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Animal Welfare Approved Launches Monthly Series of Consumer Alerts

ALERT 1: HIGH WELFARE DOESN”T ALWAYS EQUAL HIGH COST

Tips for Shopping for Affordable Products from Animals Raised Outdoors with High Welfare Standards

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Animal Welfare Approved is pleased to announce the launch of a series of monthly consumer alerts to assist shoppers in understanding, locating and purchasing products from family farmers who utilize sustainable farming methods and raise their animals with high welfare standards.

There is ample evidence that products from pasture- or range-raised animals are safer (lower salmonella and E.coli for example), healthier (more vitamins, higher levels of omega 3 fatty acids, and higher levels of CLA-the good cholesterol), and better tasting.

But at what cost?

True or False? The release of Food Inc. has once again brought the cost of alternatively raised products to the forefront, but the relevant question is rarely answered: Are products from humanely and pasture-raised meat, dairy and eggs always more expensive than products from industrially (factory) farmed animals?

False: Animal Welfare Approved regularly monitors markets in rural and urban areas to track pricing trends and run price comparisons. A recent price comparison in the New York City area showed that beef tenderloin at major New York City supermarkets was priced higher, sometime significantly, than the same cut offered directly for sale by an Animal Welfare Approved farmer who makes deliveries to customers in New York City. Conventionally produced beef tenderloin found in four NYC supermarkets was $1.99, $2.99 $3.99 and $9.99 more per pound than the 100% grassfed Animal Welfare Approved tenderloin.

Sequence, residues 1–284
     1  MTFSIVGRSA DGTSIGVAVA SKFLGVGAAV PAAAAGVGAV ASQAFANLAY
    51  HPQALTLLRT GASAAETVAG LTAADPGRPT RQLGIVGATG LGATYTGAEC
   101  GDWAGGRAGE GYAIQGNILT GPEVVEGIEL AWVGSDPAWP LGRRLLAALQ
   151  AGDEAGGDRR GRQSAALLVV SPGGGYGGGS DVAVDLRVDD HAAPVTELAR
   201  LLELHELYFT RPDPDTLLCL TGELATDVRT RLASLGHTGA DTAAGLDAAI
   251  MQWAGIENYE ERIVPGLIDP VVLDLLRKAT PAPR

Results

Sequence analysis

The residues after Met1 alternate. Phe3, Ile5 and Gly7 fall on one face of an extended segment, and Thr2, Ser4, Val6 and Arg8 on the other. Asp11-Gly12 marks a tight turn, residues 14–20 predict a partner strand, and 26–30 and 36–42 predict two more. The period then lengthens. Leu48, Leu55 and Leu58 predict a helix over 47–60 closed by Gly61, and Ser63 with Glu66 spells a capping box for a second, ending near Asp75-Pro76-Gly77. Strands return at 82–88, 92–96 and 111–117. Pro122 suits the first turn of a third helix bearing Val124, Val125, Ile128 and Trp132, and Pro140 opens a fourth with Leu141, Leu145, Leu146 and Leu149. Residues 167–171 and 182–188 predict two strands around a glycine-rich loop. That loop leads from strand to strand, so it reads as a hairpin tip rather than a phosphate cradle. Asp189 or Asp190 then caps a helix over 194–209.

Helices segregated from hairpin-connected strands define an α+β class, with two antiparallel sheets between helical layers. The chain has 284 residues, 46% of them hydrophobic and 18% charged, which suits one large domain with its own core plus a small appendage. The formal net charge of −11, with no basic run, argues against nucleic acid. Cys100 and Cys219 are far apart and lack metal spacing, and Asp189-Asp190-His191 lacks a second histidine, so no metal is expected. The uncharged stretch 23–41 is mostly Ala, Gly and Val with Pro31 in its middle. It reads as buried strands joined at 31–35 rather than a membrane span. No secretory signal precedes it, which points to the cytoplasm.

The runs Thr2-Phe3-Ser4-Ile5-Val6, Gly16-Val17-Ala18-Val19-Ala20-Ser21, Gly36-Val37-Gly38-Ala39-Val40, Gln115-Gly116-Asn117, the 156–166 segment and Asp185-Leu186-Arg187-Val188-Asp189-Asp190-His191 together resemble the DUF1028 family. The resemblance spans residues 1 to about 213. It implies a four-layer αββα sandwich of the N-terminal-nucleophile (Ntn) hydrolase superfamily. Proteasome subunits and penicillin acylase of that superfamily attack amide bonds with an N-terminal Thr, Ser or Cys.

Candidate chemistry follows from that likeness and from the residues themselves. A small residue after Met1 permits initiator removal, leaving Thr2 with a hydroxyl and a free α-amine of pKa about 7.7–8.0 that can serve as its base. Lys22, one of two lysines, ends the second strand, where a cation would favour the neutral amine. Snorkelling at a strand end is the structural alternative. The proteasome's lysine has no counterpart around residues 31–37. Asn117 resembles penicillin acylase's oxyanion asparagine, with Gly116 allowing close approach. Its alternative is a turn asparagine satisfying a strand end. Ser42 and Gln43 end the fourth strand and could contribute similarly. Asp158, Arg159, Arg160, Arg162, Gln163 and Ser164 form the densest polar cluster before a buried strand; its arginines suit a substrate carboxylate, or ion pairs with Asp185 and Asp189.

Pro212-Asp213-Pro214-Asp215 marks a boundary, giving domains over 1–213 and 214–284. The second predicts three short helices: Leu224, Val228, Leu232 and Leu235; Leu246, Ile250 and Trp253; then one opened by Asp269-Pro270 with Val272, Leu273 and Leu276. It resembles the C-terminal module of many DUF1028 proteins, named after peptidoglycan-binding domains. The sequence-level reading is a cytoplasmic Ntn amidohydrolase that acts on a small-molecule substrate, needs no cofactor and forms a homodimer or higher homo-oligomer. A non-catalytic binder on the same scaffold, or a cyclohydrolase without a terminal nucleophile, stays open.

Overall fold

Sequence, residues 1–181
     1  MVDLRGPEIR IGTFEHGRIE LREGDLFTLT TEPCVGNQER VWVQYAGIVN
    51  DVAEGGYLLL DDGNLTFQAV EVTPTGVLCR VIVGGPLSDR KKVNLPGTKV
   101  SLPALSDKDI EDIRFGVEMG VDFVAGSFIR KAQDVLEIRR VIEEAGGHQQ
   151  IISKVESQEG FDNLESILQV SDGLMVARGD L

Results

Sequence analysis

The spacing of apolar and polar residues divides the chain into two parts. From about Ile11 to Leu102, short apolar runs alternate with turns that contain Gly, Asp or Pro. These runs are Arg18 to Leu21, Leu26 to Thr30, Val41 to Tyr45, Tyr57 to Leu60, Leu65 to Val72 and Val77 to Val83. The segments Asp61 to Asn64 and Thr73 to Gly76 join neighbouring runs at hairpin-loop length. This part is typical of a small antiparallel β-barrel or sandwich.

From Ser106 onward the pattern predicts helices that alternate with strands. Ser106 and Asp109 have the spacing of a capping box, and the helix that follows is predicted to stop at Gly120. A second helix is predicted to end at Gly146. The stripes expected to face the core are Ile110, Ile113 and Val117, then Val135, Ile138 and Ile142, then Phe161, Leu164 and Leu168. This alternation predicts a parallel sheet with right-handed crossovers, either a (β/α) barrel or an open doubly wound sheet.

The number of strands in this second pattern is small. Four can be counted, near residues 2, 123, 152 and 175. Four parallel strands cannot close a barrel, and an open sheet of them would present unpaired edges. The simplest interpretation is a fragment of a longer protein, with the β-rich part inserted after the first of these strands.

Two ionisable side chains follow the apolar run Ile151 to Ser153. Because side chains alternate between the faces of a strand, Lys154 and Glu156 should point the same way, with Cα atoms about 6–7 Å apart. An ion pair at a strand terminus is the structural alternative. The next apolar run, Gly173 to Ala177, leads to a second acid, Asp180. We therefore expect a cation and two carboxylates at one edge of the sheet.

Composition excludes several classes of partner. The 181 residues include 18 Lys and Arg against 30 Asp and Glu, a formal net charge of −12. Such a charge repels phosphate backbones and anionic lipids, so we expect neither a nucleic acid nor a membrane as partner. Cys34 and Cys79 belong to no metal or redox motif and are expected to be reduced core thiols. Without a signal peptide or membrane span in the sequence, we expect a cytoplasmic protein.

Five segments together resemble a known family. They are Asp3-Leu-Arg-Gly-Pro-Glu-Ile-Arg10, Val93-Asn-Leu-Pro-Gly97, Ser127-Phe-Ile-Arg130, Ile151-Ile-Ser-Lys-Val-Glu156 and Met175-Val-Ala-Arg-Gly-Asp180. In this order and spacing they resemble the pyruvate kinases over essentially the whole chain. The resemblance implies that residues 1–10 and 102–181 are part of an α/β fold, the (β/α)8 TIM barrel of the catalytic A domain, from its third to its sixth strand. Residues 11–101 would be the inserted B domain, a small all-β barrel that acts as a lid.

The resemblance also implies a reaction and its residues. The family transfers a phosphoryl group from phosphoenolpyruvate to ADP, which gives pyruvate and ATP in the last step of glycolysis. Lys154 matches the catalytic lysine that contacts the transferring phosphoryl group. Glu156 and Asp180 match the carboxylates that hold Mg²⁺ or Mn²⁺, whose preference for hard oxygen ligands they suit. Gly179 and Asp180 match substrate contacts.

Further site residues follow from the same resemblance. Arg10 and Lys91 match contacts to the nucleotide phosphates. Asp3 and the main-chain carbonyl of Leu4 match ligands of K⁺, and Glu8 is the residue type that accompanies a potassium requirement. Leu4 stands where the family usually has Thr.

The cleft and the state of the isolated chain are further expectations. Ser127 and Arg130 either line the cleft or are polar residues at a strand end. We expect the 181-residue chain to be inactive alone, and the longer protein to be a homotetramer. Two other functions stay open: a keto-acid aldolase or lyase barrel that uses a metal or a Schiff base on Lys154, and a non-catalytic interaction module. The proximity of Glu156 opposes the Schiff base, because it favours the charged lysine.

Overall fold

“There is a nagging misconception that buying your meat, dairy or eggs from independent farmers who raise their animals humanely will cost families a lot more money,” says Animal Welfare Approved Program Director Andrew Gunther. “That’s simply not true.”

Consumers looking for alternatives to industrially raised animal products are starting to think outside the box when it comes to stocking their refrigerators. “Some people like to comparison shop between supermarkets to get the best price for the best product,” Gunther remarked. “What many are doing now is comparison shopping between supermarkets and non-traditional food suppliers, such as farmers markets and farmers who supply directly to their customers and many are finding that humanely raised meat, dairy and eggs are actually quite affordable.”

In order to cut costs when grocery shopping, consumers will shop in large warehouses, clip coupons, watch sales circulars and/or shop hop. “All of that takes time,” says Gunther. “When shopping for healthier, safer animal products, we urge consumers to do the same and take a little more time to do research, educate themselves and engage their community or neighbors to work together for a healthier, more conscious shopping and eating regime.”

Here are a few tips for finding and purchasing products from humanely raised animals: